Will South Dakota House leadership survive the 2022 session?

A faction of the South Dakota State House attempted to remove Speaker Spencer Gosch (R-Glenham) as recently as November, due in large part to frustrations around personnel decisions and how the redistricting process had progressed up to that point.
South Dakota lawmakers convened on Nov. 11 for a special legislative session to begin the...
South Dakota lawmakers convened on Nov. 11 for a special legislative session to begin the formal process of investigating and considering the impeachment of Attorney General Jason Ravnsborg.(Dakota News Now)
Published: Jan. 7, 2022 at 7:31 PM CST
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PIERRE, S.D. - South Dakota State House and Senate leadership typically stays in place over the duration of two years, and thus, two sessions.

But some in the House have indicated they would like to see a change take place after just one session of the current leadership being in place.

“My speakership, if you will, has been relatively unprecedented,” said Speaker Spencer Gosch (R-Glenham). “I came into a COVID outbreak, no two people agreed on how things should proceed forward with that... then you turn around and you have impeachment articles dropped... then you throw in redistricting.”

The desire of some in the Republican caucus to oust Gosch and certain members of his leadership team stems in part from a clear divide between the House and the Senate. That divide has become more visible as of late because of the fallout from a decision by Gosch to not release publicly the names of the members who signed on for a special session to consider the impeachment of Attorney General Jason Ravnsborg. Senate President Pro Tempore Lee Schoenbeck (R-Watertown) ultimately opted to release the names of House members himself.

The Senate has long been considered the more moderate of the two bodies, and the House the more conservative body.

That same ideological divide also splits Republican members of the House.

“I think that in an election year like this one, we will see even more of an ideological distinction between members, especially in the House,” said Michael Card, professor of political science at the University of South Dakota.

Further reason for the fracture in the House stems from frustration around committee assignments, which came to a head during the redistricting process.

During the special session to consider redistricting in November, Majority Whip Tim Goodwin (R-Rapid City) led an effort to create a bipartisan coalition of House members to oust Gosch and various other committee chairs. At the same time, Goodwin also faced allegations by a former intern of having attempted to recruit her to run against other Republican house members in 2022.

Goodwin said that in part, his frustration with Gosch and other members of leadership stemmed from House members that were not appointed to the Appropriations committee, despite having past experience with that committee.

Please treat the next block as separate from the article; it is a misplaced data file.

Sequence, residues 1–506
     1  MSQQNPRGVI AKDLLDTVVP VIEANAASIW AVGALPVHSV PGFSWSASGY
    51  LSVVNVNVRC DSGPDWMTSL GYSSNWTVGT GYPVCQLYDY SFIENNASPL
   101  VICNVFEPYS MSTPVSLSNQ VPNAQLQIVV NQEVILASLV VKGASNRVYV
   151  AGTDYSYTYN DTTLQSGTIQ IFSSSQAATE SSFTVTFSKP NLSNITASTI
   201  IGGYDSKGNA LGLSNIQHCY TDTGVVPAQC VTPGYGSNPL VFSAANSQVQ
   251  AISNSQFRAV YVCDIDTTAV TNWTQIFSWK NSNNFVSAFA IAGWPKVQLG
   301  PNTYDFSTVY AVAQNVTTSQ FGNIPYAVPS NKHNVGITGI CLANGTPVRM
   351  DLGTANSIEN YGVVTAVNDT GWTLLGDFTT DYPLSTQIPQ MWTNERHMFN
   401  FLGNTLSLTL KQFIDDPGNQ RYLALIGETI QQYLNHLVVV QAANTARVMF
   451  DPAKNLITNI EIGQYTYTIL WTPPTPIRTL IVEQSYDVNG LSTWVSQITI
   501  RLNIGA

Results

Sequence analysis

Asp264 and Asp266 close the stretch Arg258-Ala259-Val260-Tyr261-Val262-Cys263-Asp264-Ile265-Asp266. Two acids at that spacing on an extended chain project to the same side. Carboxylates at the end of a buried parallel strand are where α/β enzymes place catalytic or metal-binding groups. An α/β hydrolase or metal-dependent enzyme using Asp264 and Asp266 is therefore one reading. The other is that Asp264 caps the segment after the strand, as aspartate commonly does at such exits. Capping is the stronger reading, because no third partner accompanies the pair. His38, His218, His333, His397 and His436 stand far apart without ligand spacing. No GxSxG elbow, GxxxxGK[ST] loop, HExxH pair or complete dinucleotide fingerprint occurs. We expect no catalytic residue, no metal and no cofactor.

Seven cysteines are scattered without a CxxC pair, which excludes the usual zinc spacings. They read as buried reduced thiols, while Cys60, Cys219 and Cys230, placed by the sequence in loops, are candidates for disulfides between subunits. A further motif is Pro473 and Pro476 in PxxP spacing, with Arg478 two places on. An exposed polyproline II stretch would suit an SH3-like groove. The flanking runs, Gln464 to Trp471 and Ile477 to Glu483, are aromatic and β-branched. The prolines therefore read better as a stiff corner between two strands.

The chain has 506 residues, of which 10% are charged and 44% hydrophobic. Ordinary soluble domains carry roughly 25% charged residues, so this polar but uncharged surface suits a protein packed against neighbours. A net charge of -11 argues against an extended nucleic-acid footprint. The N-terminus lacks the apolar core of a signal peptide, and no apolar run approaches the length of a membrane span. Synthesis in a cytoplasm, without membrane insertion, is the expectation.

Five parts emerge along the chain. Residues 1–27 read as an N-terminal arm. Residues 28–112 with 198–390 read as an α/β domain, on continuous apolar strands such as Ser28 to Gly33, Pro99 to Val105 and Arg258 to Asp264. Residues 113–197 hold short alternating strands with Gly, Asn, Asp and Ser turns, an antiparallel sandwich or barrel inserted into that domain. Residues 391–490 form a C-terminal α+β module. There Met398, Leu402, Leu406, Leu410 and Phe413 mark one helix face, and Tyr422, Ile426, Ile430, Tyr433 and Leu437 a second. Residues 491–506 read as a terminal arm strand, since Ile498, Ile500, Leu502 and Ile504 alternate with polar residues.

“There was some talk about having a vote on the speaker job,” Goodwin said. “Of course, the speaker position is a floor vote, all of the members including the 8 Democrats vote. There was some discussion on that idea, and it had some traction.”

The attempt to oust Gosch and some other members of leadership failed after Majority Leader Kent Peterson (R-Salem) asked those behind the effort to not pursue it further. Peterson did not respond to a request for comment on the matter.

Though Goodwin says that he personally does not intend to attempt to remove Gosch during the upcoming legislative session, it isn’t clear if others who supported his efforts intend to resurrect them.

Or, what the situation will mean for policy decisions to come out of the South Dakota State Capitol this year.

“There are some house members who are conservative on social issues and fiscal issues, but there are also some who are more conservative on social issues, but not at all conservative on fiscal issues,” explained Card. “That is another issue, especially when there are all kinds of money around to be appropriated. Then, you have some that are conservative on fiscal issues, and basically libertarian on social issues.”

“Pierre office politics and fights don’t get us anywhere,” Gosch said in response to the attempts to oust him. “Your grandmother and your mother have both said it, you have to be the bigger man and the better person. We cannot screw South Dakota, and if we continue down this path, it is the people of South Dakota who get hurt.”

The state legislative session begins on Tuesday, January 11th, with Governor Kristi Noem’s State of State address at 1 PM.

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